On merchant support and service


Prado (or under the name of Prado2u) has been presented in 22 local or foreign marketplaces, and Zen is currently focusing on 8 marketplaces. From his experience, he advises against going 'solo', and merchants should work hand-in-hand with respective account manager. "Try tap into the campaigns organized by the marketplace, in some cases they might even share part of your promotional cost", adds Zen.

Lawrence agrees that it is important to work closely with marketplace to achieve win-win and grow together. "Marketplace has its own KPI to achieve and in most cases it is GMV, by driving orders to merchants. I prefer marketplace that assist to resolve in case of dispute between customers and merchants. Marketplace which provides e-fulfillment (warehouse management, packaging and delivery) also has an edge", adds Lawrence.

Johnny acknowledges that his experience with account managers so far has been pleasant, each with different strength. "Lelong systematically arrange respective personnel for different kind of support, their staffs - both customer and merchant support are knowledgeable. Rakuten has E-Commerce Consultant (ECC) who are helpful to us in gaining exposure via campaigns, while account manager Qoo10 is always responsive and aggressive in promoting best seller items", explains Johnny.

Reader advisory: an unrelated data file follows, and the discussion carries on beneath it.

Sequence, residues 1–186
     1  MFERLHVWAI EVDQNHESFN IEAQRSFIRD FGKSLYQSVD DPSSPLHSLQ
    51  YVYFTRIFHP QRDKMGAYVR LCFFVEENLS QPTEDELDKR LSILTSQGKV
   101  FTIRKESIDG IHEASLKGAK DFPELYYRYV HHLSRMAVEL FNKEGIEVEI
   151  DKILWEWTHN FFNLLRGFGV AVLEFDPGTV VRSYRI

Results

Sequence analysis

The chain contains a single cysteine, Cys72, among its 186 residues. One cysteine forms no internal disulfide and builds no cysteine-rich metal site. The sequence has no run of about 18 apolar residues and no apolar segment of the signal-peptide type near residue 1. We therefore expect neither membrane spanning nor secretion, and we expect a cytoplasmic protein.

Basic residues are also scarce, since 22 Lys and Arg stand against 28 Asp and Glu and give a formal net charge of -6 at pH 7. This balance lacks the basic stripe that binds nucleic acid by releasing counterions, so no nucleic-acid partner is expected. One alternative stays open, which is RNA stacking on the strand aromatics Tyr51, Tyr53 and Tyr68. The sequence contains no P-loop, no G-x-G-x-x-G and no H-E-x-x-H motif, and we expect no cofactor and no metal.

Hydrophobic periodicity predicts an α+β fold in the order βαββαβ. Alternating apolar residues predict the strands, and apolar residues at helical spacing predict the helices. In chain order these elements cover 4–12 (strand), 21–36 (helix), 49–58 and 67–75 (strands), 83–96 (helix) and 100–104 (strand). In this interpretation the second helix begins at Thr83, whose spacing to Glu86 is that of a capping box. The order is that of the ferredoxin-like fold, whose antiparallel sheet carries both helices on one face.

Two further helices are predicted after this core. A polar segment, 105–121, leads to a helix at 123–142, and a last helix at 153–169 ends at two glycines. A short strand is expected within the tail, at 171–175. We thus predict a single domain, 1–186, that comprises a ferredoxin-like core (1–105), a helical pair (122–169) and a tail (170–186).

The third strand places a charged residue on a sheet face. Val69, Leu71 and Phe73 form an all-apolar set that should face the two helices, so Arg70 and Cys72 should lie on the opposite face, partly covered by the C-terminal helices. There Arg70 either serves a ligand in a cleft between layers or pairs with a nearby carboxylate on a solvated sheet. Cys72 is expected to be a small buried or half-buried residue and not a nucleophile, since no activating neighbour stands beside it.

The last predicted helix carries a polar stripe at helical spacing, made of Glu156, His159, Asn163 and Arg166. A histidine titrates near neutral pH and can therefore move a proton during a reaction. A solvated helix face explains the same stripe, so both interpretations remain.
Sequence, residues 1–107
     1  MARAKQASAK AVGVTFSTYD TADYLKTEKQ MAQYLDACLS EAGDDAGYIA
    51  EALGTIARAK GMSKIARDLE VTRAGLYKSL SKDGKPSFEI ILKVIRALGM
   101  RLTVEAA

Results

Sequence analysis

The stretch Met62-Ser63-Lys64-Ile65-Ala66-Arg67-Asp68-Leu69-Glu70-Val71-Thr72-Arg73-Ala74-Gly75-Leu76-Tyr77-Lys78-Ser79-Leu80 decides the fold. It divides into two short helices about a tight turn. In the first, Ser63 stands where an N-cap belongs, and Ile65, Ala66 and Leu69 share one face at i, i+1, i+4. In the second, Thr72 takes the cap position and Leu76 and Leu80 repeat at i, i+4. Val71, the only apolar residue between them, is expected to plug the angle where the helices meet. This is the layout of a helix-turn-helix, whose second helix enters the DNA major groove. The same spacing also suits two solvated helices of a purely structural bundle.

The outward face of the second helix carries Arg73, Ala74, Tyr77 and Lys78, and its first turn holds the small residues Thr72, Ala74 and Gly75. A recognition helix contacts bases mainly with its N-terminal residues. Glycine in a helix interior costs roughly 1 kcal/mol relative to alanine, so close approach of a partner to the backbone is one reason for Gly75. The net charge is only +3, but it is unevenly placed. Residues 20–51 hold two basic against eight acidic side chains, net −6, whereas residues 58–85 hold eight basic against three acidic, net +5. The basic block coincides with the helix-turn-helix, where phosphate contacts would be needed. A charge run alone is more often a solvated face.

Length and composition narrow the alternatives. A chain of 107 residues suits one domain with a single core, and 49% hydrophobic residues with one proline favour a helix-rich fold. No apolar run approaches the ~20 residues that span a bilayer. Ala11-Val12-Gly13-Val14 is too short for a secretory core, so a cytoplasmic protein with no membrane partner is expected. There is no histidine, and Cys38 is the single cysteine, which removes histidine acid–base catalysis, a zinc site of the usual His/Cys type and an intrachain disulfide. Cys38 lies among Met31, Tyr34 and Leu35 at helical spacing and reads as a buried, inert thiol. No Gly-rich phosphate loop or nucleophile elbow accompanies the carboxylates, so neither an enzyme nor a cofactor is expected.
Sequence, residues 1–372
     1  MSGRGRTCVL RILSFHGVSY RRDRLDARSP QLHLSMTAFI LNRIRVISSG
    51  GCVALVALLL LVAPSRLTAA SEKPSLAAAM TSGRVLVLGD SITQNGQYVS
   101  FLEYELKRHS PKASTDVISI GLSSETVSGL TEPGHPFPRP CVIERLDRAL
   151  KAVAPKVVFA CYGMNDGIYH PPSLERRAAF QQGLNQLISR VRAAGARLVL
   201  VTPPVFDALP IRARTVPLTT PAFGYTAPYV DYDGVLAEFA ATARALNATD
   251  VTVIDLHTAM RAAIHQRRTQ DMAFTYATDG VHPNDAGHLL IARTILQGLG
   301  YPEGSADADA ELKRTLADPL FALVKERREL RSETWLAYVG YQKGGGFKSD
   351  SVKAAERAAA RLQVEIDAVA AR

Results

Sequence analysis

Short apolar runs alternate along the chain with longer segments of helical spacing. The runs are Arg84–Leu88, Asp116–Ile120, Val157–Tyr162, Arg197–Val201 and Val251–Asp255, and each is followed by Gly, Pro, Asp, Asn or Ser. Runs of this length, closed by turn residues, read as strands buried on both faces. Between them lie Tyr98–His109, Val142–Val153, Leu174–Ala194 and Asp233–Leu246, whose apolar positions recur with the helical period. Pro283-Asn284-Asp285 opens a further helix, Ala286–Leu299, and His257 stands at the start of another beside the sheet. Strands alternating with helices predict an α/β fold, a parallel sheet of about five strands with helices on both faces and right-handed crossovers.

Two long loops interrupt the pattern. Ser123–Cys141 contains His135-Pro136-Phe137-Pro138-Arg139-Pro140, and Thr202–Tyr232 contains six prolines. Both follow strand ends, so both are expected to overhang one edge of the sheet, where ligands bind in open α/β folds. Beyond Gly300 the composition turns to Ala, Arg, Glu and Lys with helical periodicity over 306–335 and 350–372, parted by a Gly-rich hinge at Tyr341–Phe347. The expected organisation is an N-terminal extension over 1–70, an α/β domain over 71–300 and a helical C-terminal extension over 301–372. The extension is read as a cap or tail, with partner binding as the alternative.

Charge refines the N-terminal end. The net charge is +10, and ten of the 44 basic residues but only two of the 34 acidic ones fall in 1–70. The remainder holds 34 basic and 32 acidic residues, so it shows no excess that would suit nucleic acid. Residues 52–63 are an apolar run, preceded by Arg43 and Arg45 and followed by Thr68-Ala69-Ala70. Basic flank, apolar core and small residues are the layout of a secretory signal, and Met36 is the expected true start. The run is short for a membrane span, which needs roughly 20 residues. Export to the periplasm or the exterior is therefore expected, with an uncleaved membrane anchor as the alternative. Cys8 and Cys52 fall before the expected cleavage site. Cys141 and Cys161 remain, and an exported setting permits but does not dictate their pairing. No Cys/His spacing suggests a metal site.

On system, access and control


Every merchants might have their own preference of marketplace, and Zen's favourite is Lelong as he is able to access to customer data hence opportunity to build his own brand. "Other marketplaces are stricter as customers will have the impression of buying from the marketplace instead of the merchant. Lelong even allow merchants to execute online-to-offline marketing, as they encourage merchants to build their own brand and accumulate their own customer base", comments Zen.